After Ohio train wreck, Biden orders door-to-door checks
WASHINGTON (AP) — President Joe Biden on Friday directed federal agencies to go door-to-door in East Palestine, Ohio, to check on families affected by the toxic train derailment that has morphed into a heated political controversy.
Under Biden's order, teams from the Centers for Disease Control and Prevention, Environmental Protection Agency and Federal Emergency Management Agency will visit homes beginning Saturday. Workers will ask how residents are doing, see what they need and connect them with appropriate resources from government and nonprofit organizations, the White House said.
The “walk teams” are modeled on similar teams following hurricanes and other natural disasters.
Biden directed employees to get to as many homes as possible by Monday. Officials said the immediate goal was to visit at least 400. The president said he currently has no plans to personally visit Ohio.
Meanwhile, the controversy spread far beyond the little Ohio town. Officials in Texas and Michigan expressed concern about contaminated wastewater and soil being transported to their states for disposal.
Biden's order came as House Republicans opened an investigation into the Feb. 3 derailment, blaming Transportation Secretary Pete Buttigieg for what they contend was a delayed response to the fiery wreck. The focus on DOT came even though the EPA took charge of the federal response this week and ordered Norfolk Southern railway to pay for the cleanup and chemical release.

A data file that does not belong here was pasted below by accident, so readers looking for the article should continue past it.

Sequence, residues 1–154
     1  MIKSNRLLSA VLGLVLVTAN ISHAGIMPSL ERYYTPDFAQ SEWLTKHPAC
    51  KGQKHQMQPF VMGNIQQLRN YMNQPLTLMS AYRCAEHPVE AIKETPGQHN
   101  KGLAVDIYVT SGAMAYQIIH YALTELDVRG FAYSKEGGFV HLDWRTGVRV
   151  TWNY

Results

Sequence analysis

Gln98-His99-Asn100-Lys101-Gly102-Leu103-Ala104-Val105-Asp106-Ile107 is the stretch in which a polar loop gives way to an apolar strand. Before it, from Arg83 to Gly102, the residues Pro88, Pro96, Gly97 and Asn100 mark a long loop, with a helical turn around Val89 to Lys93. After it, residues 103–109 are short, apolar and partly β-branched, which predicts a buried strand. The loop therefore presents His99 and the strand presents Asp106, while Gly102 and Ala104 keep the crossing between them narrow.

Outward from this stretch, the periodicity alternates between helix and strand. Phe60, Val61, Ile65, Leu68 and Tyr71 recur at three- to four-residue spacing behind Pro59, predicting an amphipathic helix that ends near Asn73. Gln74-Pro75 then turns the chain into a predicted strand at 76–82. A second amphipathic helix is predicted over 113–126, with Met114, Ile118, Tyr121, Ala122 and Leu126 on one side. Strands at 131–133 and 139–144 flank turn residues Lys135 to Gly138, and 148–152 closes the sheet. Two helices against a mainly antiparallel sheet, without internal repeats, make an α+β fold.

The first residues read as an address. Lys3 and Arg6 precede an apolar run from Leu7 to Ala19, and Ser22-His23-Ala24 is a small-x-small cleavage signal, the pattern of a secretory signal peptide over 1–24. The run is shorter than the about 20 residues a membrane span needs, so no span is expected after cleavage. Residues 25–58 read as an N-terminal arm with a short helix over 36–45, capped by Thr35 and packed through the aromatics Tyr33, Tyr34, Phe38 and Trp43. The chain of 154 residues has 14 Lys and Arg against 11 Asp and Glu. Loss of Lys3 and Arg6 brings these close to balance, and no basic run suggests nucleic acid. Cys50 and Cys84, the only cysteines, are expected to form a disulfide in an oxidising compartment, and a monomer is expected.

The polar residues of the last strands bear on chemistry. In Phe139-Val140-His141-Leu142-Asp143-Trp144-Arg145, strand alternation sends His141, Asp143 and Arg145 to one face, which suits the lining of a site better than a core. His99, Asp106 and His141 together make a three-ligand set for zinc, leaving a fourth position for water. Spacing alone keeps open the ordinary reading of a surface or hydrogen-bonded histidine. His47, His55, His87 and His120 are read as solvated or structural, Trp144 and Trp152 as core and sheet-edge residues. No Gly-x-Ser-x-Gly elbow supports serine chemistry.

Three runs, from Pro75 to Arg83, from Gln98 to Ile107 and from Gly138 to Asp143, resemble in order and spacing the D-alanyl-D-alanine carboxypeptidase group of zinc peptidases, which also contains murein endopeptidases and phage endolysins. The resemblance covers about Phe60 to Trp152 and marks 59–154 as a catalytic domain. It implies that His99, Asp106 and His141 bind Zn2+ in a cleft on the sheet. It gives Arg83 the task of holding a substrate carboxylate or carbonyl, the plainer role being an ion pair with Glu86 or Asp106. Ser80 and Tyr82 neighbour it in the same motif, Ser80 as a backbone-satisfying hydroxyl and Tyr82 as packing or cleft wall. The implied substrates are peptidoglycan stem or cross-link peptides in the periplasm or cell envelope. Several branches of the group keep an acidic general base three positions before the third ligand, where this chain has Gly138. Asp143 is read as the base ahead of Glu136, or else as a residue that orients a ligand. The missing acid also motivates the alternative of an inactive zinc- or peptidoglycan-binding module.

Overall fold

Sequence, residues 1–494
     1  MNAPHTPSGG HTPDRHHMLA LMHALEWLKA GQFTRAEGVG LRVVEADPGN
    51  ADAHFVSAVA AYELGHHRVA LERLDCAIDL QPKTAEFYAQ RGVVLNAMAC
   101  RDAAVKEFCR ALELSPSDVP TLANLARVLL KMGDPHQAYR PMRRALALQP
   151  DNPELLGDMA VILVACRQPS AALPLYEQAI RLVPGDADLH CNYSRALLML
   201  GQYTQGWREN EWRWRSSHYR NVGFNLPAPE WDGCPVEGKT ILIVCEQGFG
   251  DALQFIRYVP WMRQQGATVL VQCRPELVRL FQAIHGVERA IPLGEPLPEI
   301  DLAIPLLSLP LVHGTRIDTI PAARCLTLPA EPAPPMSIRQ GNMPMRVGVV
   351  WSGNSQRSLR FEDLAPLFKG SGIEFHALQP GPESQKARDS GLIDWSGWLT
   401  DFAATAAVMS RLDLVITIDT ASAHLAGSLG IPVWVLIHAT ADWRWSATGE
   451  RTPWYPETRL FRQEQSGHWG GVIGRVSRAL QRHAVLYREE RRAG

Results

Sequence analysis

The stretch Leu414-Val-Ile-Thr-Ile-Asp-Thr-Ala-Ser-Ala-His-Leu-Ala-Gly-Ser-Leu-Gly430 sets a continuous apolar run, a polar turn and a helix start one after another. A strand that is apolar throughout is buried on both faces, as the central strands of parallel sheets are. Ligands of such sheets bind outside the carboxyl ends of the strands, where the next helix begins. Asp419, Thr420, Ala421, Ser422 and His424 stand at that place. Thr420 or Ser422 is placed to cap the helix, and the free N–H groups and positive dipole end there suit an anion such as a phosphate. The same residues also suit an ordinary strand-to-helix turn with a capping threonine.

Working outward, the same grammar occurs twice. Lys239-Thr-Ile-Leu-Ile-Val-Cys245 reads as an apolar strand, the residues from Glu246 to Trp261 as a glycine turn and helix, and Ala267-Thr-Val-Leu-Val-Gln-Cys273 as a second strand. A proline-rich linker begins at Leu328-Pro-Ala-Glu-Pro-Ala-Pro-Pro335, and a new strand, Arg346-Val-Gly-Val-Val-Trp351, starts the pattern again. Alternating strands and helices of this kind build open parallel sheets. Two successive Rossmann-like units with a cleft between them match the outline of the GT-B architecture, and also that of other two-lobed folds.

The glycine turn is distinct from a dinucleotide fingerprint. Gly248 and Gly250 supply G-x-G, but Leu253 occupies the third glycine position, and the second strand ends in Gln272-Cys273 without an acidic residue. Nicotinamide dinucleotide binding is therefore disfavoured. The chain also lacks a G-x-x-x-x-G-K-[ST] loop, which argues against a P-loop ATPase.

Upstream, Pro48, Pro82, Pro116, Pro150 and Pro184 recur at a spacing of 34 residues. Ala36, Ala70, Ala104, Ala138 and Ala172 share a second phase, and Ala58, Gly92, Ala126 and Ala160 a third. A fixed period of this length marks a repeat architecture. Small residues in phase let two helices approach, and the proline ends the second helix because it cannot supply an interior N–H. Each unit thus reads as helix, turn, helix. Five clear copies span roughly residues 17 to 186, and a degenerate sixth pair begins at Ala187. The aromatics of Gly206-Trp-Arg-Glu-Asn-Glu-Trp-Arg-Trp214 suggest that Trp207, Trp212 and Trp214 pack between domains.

Rep. James Comer, chairman of the House Oversight Committee, became the latest lawmaker to jump into what has become a political proxy war as each party lays into the other after the derailment and chemical leak that led to evacuation of the small Ohio community.
“Despite the U.S. Department of Transportation’s responsibility to ensure safe and reliable transport in the United States, you ignored the catastrophe for over a week,” the Kentucky Republican said in a letter to Buttigieg. “The American people deserve answers as to what caused the derailment, and DOT needs to provide an explanation for its leadership’s apathy in the face of this emergency.”
A preliminary report released Thursday by the National Transportation Safety Board stated that the crew operating the Norfolk Southern freight train didn’t get much warning before dozens of cars went off the tracks and there is no indication that crew members did anything wrong.
Republicans are framing the incident as a moral failing at the hands of the Biden administration, noting Buttigieg's failure to visit the site until nearly three weeks after the wreck. Democrats point to rollbacks former President Donald Trump made during his term that weakened rail and environmental regulations. EPA Administrator Michael Regan visited the site last week and again on Tuesday.
Biden on Friday rejected the notion that his administration hasn’t been present in providing assistance.
“We were there two hours after the train went down. Two hours,'' Biden said at the White House. “I’ve spoken with every single major figure in both Pennsylvania and in Ohio. And so the idea that we’re not engaged is simply not there.”
A timeline given out by the White House Friday said DOT provided "initial incident notification'' to members of the Ohio congressional delegation and relevant committees on Saturday, Feb. 4, less than a day after the derailment.
That same day, EPA deployed real-time air monitoring instruments in 12 locations surrounding the wreck site and in the neighboring community, the White House said.